Increased life expectancy and a greater proportion of elderly in Sweden and other countries also lead to an increased use of medication. A new doctoral thesis from Lund University is the first study to illustrate, in a more extensive manner, the benefits of working systematically with elderly people’s medication intake already in primary care.
Despite various initiatives to reduce incorrect and unnecessary prescribing of medication for elderly people in Sweden, the total consumption among people over 75 is increasing. One way to improve the situation may be to initiate personal medication reviews and other interventions, as early as in primary and outpatient healthcare, to a greater extent than today.
“More organised prescription of medication is beneficial to our elderly and society as a whole. Previous studies show that as much as 30–40 per cent of hospital emergency cases are due to medication-related problems, and the majority of these are preventable”, says Cecilia Lenander, pharmacist at Näsets läkargrupp in Höllviken/Skanör, who recently obtained her PhD from Lund University.
The majority had more than 10 different types of medication
In her research, she has evaluated two different methods with the aim of minimising unnecessary or inappropriate medication of elderly people in primary healthcare:
Medication review in which a doctor and a nurse, together with a pharmacist, go over the various medications taken by one individual. Based on a holistic perspective, the prescriptions and intake can subsequently be adjusted accordingly.
SÄKLÄK (safe use of medication in primary healthcare) – a method in which the management at the healthcare centre makes a personal assessment of their work procedures. The method is inter-professional and also includes an external review, feedback and agreement on measures.
The research on medication reviews is based on data from approx. 1 700 such reviews in Skåne, conducted in primary healthcare and focusing on patients living in special housing. The research shows that 8 out of 10 had at least two medication-related problems. The studies also show that the average age was 87.5, that the average number of medications they had was 11.3 (between 1 and 35) and that 61 per cent of the patients took at least 10 different kinds. As a result from the reviews, the use of potentially inappropriate medications, neuroleptics and parallel use of multiple psychotropic drugs decreased to a varying extent.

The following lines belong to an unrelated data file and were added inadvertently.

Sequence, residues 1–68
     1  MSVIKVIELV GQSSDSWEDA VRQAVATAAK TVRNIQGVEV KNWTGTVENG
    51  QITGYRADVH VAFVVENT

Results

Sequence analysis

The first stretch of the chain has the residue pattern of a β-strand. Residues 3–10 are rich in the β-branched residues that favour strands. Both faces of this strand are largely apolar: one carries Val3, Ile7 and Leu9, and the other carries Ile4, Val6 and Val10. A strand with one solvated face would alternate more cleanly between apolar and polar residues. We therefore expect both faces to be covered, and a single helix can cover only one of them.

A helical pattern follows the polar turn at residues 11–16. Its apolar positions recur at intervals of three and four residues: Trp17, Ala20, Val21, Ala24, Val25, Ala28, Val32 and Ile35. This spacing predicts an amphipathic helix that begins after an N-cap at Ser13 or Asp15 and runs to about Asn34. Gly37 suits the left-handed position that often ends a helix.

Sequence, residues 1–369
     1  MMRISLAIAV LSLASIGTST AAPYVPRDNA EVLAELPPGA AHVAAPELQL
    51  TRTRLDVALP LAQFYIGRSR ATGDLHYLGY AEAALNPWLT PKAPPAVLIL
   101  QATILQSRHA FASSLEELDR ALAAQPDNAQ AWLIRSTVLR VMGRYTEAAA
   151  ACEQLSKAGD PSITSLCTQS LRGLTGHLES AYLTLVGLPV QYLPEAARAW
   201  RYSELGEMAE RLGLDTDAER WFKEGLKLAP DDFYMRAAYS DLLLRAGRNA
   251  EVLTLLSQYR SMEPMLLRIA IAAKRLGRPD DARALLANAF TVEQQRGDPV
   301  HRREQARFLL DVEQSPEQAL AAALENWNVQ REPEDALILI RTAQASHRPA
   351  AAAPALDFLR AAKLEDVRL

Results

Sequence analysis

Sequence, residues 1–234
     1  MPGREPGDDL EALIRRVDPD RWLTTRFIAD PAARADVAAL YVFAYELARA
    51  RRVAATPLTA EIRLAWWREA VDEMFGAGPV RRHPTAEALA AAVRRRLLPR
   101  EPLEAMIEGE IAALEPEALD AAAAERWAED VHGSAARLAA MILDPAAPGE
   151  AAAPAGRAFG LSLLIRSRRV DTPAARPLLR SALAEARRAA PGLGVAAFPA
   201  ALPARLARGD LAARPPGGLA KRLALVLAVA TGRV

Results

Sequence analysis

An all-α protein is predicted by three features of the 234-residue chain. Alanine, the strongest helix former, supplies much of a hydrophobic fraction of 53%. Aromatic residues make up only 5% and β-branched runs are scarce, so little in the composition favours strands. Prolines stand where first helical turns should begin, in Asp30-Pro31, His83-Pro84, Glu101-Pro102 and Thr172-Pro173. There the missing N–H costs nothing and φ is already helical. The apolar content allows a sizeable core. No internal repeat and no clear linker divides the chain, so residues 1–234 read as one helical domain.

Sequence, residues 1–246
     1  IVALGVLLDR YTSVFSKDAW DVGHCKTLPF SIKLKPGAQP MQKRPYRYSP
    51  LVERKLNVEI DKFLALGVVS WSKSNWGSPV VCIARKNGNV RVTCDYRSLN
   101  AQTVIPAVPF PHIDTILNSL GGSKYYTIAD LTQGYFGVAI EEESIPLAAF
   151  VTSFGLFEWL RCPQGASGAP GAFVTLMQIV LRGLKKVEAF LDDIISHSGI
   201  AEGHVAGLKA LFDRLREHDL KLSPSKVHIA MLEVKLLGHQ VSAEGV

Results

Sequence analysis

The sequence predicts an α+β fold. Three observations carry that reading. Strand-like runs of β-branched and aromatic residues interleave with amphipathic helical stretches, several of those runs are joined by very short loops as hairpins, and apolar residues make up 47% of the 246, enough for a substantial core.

Calls for better coordination of the healthcare chain
In her thesis, five healthcare centres, located in different parts of Sweden, which had tested SÄKLÄK, were compared to five others which had continued to work according to regular procedures. At the healthcare centres which had adopted SÄKLÄK, she noted a decrease of 22 per cent on average in the number of prescriptions of potentially inappropriate drugs. She also noted a decrease in the control group; however, it was lower and stayed at 9 per cent.
“The participants in SÄKLÄK were very positive about working inter-professionally, but at the same time felt that the method was too time-consuming. As a result, a new research study is now underway, in which SÄKLÄK has been adjusted and simplified”, says Cecilia Lenander.
The issue of inappropriate and excessive medication among elderly people is not new, but the problem persists. How do you believe it can be solved?
“Outdated medication lists are a national concern. My personal opinion is that all elderly people who seek primary healthcare and are in need of a medication review should get it. More coordination between different links in the healthcare chain is also necessary.”
Thesis: Cecilia Lenander defended her thesis “Interventions to improve medication use in elderly primary care patients” at Lund University on 5 May 2017.
Facts on inappropriate medication for elderly people: The Swedish National Board of Health and Welfare has created a list of drugs that have side-effects that are of high risk to people over 75. These should be used only if there are special reasons. The list includes various sleeping-pills, anti-incontinence drugs and painkillers.
Even though the healthcare sector focuses on reducing prescriptions of these listed drugs, the total intake of an average elderly person in Sweden is increasing. More multiple illnesses and the launching of new drugs may be causes. More information about elderly people and medication, as well as the list of inappropriate medication can be found at: http://www.socialstyrelsen.se/aldre/aldreshalsa/aldreochlakemedel (in Swedish)
PhD at the Department of Clinical Science in Malmö, Lund University, and pharmacist at Näsets läkargrupp in Höllviken/Skanör
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